2. Holy Communion: Before receiving Holy Communion, it is likewise necessary to offer it in reparation to Our Lady. Our Lord told Lucia in 1930, “This Communion will be accepted on the following Sunday for just reasons, if my priests allow it so.” So, if work or school, sickness, or another just reason prevents the Communion on a First Saturday, with this permission it may be received the following Sunday. If Communion is transferred, any or all of the other acts of the devotion may also be performed on Sunday if the person so desires.
3. Rosary: The Rosary is a vocal prayer said while meditating upon the mysteries of Our Lord’s life and Passion and Our Lady’s life. To comply with the request of our Blessed Mother, it must be offered in reparation and said properly while meditating.
4. 15-minute meditation: Also offered in reparation, the meditation may embrace one or more mysteries; it may include all, taken together or separately. This meditation should be the richest of any meditation, because Our Lady promised to be present when she said “...those who keep me company....”
This devotion is so necessary in our days
The culture of vice and sin remains unabated even as one reads this. Abortion, blasphemy, drug abuse, pornography, divorce and bad marriages, religious indifference, the advances of the homosexual agenda and others are just some of society’s many plagues that cut deeply into the Immaculate Heart of Mary. We must console Our Lady amidst all these insults and injuries to her and her Divine Son. She asks for reparation, she pleads for our prayers, she hopes for our amendment of life. Let us listen to her maternal pleas and atone for the ingratitude of men. The First Five Saturday’s devotion stimulates the spirit of reparation; it instills a tender love for the Holy Sacraments of Confession and the Blessed Eucharist. It nurtures a holy affection for the Immaculate Heart of Mary and the Rosary. Above all, it is an excellent means to maintain one in the state of grace while immersed in the daily spiritual battles and prosaic existence in the neo-pagan world that we live in. Let us not delay in observing this devotion for it too gives us hope for eternal salvation.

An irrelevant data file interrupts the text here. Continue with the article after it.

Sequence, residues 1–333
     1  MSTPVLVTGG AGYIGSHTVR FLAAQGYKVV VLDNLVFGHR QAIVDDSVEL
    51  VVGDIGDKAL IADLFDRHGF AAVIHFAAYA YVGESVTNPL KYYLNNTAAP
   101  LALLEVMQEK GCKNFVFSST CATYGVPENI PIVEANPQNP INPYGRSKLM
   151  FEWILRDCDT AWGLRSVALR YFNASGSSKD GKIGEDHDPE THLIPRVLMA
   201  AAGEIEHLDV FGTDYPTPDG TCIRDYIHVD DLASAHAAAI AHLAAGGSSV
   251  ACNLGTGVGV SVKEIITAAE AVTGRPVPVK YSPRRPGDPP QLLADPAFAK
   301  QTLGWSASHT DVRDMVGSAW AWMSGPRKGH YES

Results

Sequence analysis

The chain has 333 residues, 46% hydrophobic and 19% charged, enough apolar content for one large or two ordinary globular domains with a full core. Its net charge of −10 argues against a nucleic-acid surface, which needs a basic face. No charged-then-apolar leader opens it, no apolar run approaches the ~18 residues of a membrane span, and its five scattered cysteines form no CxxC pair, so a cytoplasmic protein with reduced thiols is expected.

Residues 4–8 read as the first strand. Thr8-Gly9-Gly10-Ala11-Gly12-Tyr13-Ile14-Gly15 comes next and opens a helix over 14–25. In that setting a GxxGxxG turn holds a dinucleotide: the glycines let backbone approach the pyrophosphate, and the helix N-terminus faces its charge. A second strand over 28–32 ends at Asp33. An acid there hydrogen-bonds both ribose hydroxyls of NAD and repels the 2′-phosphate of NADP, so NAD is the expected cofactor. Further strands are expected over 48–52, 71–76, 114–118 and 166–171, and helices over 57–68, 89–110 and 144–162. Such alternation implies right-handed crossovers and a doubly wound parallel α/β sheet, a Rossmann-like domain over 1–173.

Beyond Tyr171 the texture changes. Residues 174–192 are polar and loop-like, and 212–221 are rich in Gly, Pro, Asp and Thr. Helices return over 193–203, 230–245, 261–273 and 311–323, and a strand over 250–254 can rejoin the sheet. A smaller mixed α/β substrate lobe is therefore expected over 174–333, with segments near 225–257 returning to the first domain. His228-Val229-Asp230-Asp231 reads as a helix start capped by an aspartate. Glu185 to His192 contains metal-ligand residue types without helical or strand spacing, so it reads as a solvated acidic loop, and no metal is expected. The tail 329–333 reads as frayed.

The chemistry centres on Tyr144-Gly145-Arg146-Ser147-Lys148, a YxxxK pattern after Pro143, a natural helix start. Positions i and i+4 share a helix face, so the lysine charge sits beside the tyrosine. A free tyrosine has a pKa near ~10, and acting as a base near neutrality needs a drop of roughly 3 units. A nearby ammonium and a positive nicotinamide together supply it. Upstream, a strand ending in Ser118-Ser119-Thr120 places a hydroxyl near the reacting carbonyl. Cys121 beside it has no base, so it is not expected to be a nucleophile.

St. Maria Goretti
St. Maria Goretti was born of a poor family in Corinaldi, Italy, in 1890. Near Nettuno she spent a difficult childhood assisting her mother in domestic duties. She was of a pious nature and often at prayer. In 1902 she was stabbed to death, preferring to die rather than be raped. (Office of Readings)
"It is well known how this young girl had to face a bitter struggle with no way to defend herself. Without warning a vicious stranger (actually Alessandro Serenelli who lived with his father in the same house as the Goretti's.) burst upon her, bent on raping her and destroying her childlike purity. In that moment of crisis, she could have spoken to her Redeemer in the words of that classic, The Imitation of Christ: "Though tested and plagued by a host of misfortunes, I have no fear so long as your grace is with me. It is my strength, stronger than any adversary; it helps me and gives me guidance." With splendid courage she surrendered herself to God and his grace and so gave her life to protect her virginity.